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“Stay at home” directive triggers unintended health hurdles

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With workplaces forced into lockdown to battle COVID-19 and Australians required to work from home, unaddressed hearing loss is emerging as a barrier to online workforce participation and productivity.1,2,3

One in three Australians over the age of 50 live with hearing loss.2,4 This number increases to one in two from the age of 60.2,4 If left untreated, hearing loss can lead to social isolation, fatigue, depression and anxiety.1,5 It’s also been linked to an increased risk of dementia and early retirement.1,3,4

Consumer health advocates are concerned about potential spikes in hearing-linked anxiety, depression and social isolation as video conferencing becomes the “new normal”. They’re urging people struggling in this new work environment to be pro-active and check their hearing.

·       3.95 million Australians experience some degree of hearing loss2

·       Online work environments pose a challenge to those with hearing loss1  

·       Hearing loss is known to amplify potential social isolation and mental health issues1,3,5

·       Australia leads the world in tele-audiology, testing software and self-fit hearing aids

·       Consumer health advocates are urging Australians who are struggling to check their hearing

Melbourne-based tele-audiologist and Swinburne University digital health scientist Dr Sophie Brice says with more Australians working from home, it’s becoming increasingly important to identify and address undiagnosed hearing loss.

Australians have quickly embraced the concept of tele-health, using the phone and internet to access mainstream and mental health services. Hearing services are no different, with pioneering Australian tele-audiology provider Blamey Saunders Hears first offering online hearing services in 2008.

Dr Paula Swatman, an academic and Chair of the Swinburne University Human Research Ethics Committee, has just been appointed to the Tasmanian COVID 19 Consumer Reference Group. It’s one of several State-based groups proactively providing feedback to government and public health officials about what is worrying Australians at this challenging time.

“Poor hearing, already a major contributor to poorer mental health outcomes, is emerging as a potential new barrier as many Australians move to work primarily online,” Dr Swatman said.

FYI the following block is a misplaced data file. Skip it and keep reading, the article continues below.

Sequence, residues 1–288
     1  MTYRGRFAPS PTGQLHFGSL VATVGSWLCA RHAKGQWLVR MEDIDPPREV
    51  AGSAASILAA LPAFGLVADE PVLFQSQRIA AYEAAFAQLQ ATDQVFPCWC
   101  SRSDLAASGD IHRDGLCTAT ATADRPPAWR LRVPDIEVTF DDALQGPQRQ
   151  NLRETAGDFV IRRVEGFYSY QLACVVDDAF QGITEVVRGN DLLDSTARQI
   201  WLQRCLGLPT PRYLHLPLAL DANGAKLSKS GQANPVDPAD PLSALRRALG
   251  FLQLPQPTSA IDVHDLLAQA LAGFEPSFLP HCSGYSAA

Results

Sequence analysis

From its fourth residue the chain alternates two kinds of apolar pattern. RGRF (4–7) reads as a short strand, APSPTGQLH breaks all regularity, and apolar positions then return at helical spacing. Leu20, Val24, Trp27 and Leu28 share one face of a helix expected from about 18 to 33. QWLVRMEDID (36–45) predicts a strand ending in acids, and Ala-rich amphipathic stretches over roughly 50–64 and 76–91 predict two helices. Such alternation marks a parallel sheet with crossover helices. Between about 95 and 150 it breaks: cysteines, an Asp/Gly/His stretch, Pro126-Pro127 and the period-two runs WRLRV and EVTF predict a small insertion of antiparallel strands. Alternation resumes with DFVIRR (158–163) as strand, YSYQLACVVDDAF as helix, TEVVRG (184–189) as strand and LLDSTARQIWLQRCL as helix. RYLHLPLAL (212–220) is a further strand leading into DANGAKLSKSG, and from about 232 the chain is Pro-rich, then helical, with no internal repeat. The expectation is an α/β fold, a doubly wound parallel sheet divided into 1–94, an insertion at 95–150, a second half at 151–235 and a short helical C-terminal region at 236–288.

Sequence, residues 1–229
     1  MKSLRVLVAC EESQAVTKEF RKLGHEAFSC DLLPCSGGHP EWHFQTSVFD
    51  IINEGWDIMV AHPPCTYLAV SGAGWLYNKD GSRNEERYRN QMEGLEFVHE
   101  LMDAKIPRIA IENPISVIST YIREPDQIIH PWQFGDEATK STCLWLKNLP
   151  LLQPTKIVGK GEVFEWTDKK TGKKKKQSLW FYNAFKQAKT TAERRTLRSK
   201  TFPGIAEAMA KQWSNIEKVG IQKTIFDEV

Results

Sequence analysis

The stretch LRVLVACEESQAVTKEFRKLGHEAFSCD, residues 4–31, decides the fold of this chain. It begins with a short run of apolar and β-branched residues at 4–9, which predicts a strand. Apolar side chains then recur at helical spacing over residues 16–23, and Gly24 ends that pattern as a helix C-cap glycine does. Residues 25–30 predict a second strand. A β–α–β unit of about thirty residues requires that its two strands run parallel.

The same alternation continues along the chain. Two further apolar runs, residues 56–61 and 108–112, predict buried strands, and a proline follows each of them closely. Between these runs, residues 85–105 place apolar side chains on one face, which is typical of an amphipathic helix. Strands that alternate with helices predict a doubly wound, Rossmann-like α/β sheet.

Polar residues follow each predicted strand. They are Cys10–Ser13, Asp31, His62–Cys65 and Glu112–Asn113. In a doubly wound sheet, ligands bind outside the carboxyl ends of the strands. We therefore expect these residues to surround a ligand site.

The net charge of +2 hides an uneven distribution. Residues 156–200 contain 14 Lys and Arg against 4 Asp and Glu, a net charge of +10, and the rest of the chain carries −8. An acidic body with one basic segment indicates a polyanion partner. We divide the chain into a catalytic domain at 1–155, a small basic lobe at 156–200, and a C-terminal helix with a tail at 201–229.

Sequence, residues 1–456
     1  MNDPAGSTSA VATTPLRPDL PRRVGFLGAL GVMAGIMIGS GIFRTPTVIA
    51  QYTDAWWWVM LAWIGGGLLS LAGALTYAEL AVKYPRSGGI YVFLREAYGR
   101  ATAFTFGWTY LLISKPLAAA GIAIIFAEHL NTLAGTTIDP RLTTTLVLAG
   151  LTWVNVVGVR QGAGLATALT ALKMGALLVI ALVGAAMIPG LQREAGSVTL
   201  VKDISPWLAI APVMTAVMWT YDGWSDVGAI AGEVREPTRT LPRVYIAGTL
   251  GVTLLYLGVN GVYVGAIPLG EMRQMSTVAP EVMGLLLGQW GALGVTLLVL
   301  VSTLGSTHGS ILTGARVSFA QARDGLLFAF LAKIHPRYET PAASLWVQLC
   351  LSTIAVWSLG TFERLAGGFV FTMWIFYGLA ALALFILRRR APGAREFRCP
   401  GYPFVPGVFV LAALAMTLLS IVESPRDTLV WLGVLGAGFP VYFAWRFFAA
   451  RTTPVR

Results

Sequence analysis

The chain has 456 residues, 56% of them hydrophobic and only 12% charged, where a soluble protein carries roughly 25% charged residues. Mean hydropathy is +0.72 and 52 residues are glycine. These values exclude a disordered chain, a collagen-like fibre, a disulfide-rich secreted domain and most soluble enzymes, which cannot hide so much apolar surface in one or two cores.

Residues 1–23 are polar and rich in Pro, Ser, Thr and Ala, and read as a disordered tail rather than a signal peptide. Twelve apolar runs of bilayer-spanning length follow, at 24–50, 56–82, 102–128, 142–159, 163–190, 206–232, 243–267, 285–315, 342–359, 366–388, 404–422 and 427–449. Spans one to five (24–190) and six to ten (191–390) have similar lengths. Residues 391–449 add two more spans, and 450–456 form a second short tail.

Aware of the well documented links between unaddressed hearing loss, increased social isolation and adverse mental health issues, Dr Swatman is advocating for the hearing needs of isolated Australians – be they working from home, keeping up with local community responsibilities or simply remaining connected as they are physically separated from friends and family.

She’s all too familiar with the communication challenges facing Australians with hearing loss working from home. Dr Swatman lives with early-onset hearing loss and currently manages her hearing needs remotely, using tele-audiology.

“Phone and video conferencing calls with multiple participants can be challenging to follow at the best of times, even for those with good hearing,” she said.

“I’m now constantly in online meetings and, like many workplaces, find myself switching between multiple video-conferencing platforms such as Microsoft Teams, Zoom and Skype. Without my hearing aids, the course of my professional and personal life would be very different,” Dr Swatman said.

Dr Brice agrees. While her research at Swinburne University is focused on the emergence of self-fitting hearing aids and the uptake of tele-audiology to address the burden of hearing loss, Dr Brice also offers phone support to Australians managing their hearing loss remotely through Blamey Saunders Hears.
“As we embrace social distancing and remote working, we need to establish home and work environments that enable all Australians to stay connected – and for some that may mean addressing undiagnosed hearing loss,” she said.

“Anyone with internet access can use tele-audiology services,” Dr Brice said. “Our free, clinically validated online hearing test evaluates how well people hear and understand speech. We then use these results to individually pre-program individuals’ hearing aids, which are mailed to them. They can then further personalise their devices via an app on their smartphone – or we can make adjustments for them remotely.”

Dr Brice says good hearing is important to enable people to stay productive at work, engaged with family and remain socially connected – particularly at this difficult time.

The Blamey Saunders Hears’ online hearing test can be accessed at: www.blameysaunders.com.au.

Source- AAP Medianet

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